Be on time. Avoid black shirts when working in the heat. Wear sunscreen.
A few days into their summer jobs, dozens of area teens have already learned a thing or two about the daily grind.
While their peers are baby-sitting, playing sports or hanging around the house, these teens wake up early five days a week and punch the clock. The teenagers are part of a work program administered by Job and Family Services and funded by the federal Temporary Assistance for Needy Families program.
In Norwalk, 14 of the teens will do a variety of jobs, including mowing lawns, painting and working at the city's recreation center.
On Friday three teens stationed at the water and wastewater treatment plants for the summer used gloved hands to tug at unruly weeds in a basin where excess water pools during storms.
"It's all work that has to be done," water superintendent Bill Albrecht said. "We're pretty short-staffed here at the water plant, and this really helps with the workload."
As Chelsea Powers, 18, struggled with a tough, thorny weed that crept up past her waist, she turned to her co-worker for help.
"Gimme your muscles," she told Bellevue sophomore Kyle Logan, 16. "We make Kyle do the heavy stuff," she said with a grin.
Logan is used to physical labor -- he's baled straw before, but this is his first job with a steady paycheck. He plans to save his cash to buy a car.
For Powers, the job is a step toward independence as she works to rent her first apartment. With a 5-month-old son and plans to attend college, money is tight.
As the teens adapt to their jobs -- a first for many of them -- there's a bit of a learning curve, said Lynden Ramsey, supervisor at the parks and recreation department where about half a dozen teens are working for the summer.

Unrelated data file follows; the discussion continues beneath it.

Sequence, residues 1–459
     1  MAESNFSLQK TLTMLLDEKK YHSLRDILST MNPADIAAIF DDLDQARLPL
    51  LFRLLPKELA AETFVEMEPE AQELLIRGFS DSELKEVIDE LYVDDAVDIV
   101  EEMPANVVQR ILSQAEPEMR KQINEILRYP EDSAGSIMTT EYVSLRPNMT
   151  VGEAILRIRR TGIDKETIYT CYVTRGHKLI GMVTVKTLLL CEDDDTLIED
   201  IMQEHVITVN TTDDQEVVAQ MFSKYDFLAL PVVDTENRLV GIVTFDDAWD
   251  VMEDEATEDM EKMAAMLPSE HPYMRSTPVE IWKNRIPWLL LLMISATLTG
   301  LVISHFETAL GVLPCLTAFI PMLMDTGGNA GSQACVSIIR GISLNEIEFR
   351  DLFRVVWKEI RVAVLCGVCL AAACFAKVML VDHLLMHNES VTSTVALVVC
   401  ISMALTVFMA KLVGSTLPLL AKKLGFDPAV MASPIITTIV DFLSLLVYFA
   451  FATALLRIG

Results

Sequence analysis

"We're learning to be patient, understand this is a new experience for them," Ramsey said. "They have to learn what's expected in a work experience."
Norwalk Mayor Sue Lesch said the program is "really a win-win" for the community.
"In these tough economic times, there are so many unemployed adults taking the jobs kids were after," she said.
The teens also provide much-needed labor at no cost to the city, which has reduced its workforce to make ends meet. There's plenty of work to go around, so the teens aren't taking away any hours from regular employees.
Norwalk has 14 teen workers for the summer, but a total of about 70 are employed throughout Huron County, said Trista Piccola, Huron County Job and Family Services' program administrator. To participate, their families have to earn a total household income at or below 200 percent of federal poverty guidelines -- $44,100 for a family of four.
The federal program fully reimburses the local agencies and 22 businesses participating in the program, covering the cost of the teens' salaries. As an incentive for participating, the local Job and Family Services department also chose to pay the workplaces a $750 stipend for each employee they hired.
At the end of the summer, the teens take away extra cash and valuable life lessons on holding down a job. Many will also get a first-hand glimpse at the workings of city government.
"We chose to focus on the 15 to 18 group, to get them some initial work experience and show them what it's like to be in the world of work," Piccola said. "Some may have parents laid off, so the contribution they can make can be very helpful."